Further proof that I have the sense of humour of a teenage boy
Bustin’ makes me feel good!
I love Ghostbusters (1984). I even love Ghostbusters 2 (1989). I now say loudly and proudly that I love Ghostbusters (2016). Whether it’s a reboot you wanted and whether it’s a reboot you thought necessary, well, it’s here. And it’s great. Just because it’s rebooted doesn’t mean the original does not exist – it’s still there if you want it – but the new film does a fantastic job of bringing the ghostbusters to the 21st Century and hopefully inspiring younger generations. I’m not going to comment any further on the (needless) controversy surrounding the film, except the villain of the film is a ‘weirdo’ loner millennial male who hides behind technology rather than humanity, who thrives on negativity and rejects modernity – few villains have been so well-timed and apt…
Erin Gilbert (Kristen Wiig) is a scientist and lecturer at Columbia university. She’s extremely close to getting tenure there, a job for life, when both that and her academic reputation is put under threat by an old friend re-entering her life. Years earlier she and Abby Yates (Melissa McCarthy) wrote a book on the existence of paranormal phenomenon. Erin walked away from the book and Abby. Abby has put the book back on sale and has continued to work in investigating the paranormal, now working alongside Jillian Holtzmann (Kate McKinnon). When Erin goes to Abby to persuade her to take the book off the market she gets swept back into her old line of work when ghosts start to appear all over New York. The trio are soon joined by Patty Tolan (Leslie Jones) and the four of them make up the Ghostbusters, ‘aided’ by the world’s worst secretary Kevin (Chris Hemsworth).
I really enjoyed watching this film. Hooked in from the first scene – which featured Zach Woods aka ‘Jared’ from Silicon Valley – I laughed. A lot. The film is centered on feel-good and it’s a watching experience that is really uplifting – spirit raising in more than one way (sorry-not-sorry for the pun!) Deciding to make the film, yet another reboot some of you may cry, probably was an easy decision for the studios. But, considering the aforementioned controversy (which I will discuss no further, promise) it required director Paul Feig and his cast to be fearless. And they really are!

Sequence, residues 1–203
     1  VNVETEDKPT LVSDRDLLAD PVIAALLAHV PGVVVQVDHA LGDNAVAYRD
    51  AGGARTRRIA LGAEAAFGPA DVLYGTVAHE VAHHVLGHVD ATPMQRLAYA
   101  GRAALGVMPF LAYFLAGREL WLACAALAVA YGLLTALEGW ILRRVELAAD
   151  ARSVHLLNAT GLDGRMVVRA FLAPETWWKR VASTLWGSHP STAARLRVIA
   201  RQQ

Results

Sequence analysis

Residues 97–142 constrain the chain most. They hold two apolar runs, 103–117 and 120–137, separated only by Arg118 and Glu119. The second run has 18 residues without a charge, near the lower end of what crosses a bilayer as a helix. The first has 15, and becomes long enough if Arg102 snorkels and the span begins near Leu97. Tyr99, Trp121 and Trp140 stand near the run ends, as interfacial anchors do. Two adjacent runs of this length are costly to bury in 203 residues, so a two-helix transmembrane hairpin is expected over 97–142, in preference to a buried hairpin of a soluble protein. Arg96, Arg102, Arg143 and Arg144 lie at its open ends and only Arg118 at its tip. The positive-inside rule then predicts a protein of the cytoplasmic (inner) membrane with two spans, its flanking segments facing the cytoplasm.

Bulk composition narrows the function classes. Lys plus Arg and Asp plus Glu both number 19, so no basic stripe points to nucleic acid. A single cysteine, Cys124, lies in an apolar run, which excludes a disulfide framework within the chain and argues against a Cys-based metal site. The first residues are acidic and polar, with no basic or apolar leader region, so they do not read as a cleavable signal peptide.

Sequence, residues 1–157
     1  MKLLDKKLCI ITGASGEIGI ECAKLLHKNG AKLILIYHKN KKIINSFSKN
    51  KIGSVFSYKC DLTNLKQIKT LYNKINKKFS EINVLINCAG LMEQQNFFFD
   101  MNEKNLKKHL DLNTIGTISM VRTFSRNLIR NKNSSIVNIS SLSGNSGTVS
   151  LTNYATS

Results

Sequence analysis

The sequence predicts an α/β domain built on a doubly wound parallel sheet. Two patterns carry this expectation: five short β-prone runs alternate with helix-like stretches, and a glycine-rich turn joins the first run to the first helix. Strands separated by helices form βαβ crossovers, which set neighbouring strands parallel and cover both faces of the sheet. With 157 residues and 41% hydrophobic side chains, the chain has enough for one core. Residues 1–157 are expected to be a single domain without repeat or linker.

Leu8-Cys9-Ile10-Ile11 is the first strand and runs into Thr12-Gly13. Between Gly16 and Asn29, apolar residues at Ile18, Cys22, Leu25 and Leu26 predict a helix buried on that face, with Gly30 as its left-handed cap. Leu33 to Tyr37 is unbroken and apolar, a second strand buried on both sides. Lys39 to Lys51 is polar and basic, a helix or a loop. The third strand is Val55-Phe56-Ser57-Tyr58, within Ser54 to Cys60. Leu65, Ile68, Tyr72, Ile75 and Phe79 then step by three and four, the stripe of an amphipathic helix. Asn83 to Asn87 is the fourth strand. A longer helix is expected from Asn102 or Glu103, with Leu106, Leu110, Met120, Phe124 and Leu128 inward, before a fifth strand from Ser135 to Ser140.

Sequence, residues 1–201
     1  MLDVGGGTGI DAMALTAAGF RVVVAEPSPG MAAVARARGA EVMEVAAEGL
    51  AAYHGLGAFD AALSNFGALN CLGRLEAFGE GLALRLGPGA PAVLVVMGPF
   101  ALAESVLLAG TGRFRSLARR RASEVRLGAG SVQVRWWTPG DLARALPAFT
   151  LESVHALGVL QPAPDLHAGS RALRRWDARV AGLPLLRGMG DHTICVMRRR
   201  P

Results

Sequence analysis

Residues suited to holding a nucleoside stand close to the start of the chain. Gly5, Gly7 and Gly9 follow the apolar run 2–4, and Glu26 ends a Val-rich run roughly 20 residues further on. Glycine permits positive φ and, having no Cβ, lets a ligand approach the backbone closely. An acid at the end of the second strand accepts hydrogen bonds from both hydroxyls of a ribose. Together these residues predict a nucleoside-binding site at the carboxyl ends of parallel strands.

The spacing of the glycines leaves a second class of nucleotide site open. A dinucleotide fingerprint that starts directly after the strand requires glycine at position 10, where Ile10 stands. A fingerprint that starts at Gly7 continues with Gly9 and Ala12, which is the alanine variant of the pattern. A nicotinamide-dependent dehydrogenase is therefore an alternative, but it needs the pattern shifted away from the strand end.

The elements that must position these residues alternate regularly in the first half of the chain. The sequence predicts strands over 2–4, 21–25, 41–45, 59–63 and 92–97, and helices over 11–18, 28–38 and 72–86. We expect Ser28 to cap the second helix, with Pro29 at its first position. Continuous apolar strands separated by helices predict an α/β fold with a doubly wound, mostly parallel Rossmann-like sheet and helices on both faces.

Watching the film is a truly enjoyable experience for on many layers and for many reasons. Some are saying the film is ‘safe’ or ‘not enough’ – I personally think it’s a step in the right direction. An entry-point update of a classic which can be pushed further with the next in the franchise (which is the same criticism most gave of The Force Awakens no..?) And, arguably, this film does better than TFA at blending the old with the new. The ‘old’ doesn’t detract attention here. It doesn’t distill the zeitgeist with nostalgia. Instead Ghostbusters has nods to the past whilst being fun, funny and full of energy. Much of this is down to the cast, whom there is not a weak link amongst- all are extraordinarily brilliant in their own ways
. Wiig as Erin is probably the closest I’ve ever seen a cinematic version of myself; a woman driven by logic who totally loses all rationale around her passion (the paranormal) and attractive members of the opposite sex (Kevin). Her journey kick-starts the film and then drives it to the end as she rediscovers what she truly believes in and who the people that truly matter to her are. Best line: Books can’t fly and neither can babies!
Melissa Mccarthy = comedy gold. No matter the film she still manages to sparkle and steal most of the scenes she is in. This film is no exception. Abby is classic Mccarthy character, a joy to watch and laugh with/at. Her timing is immaculate whether that be swapping lines or kicking ghost-ass. Best line: I will kick the the unliving crap out of you and you and especially you!
I hadn’t really heard of Leslie Jones prior to her casting in Ghostbusters (sorry Leslie in the unlikelihood you ever read this!) but she’s definitely a comedian I will be checking out. Not only is she a fellow tall lady (we’re both six feet tall) but her facial expressions are hilarious and her delivery of lines is beyond on point. I know there has been a lot of discussion over the fact she is the only non-scientist of the group but her character is very well-presented, she’s just as smart as the others but in a different yet no less important way. Best line: I guess he’s going to Queens – he’s going to be the third scariest thing on that train.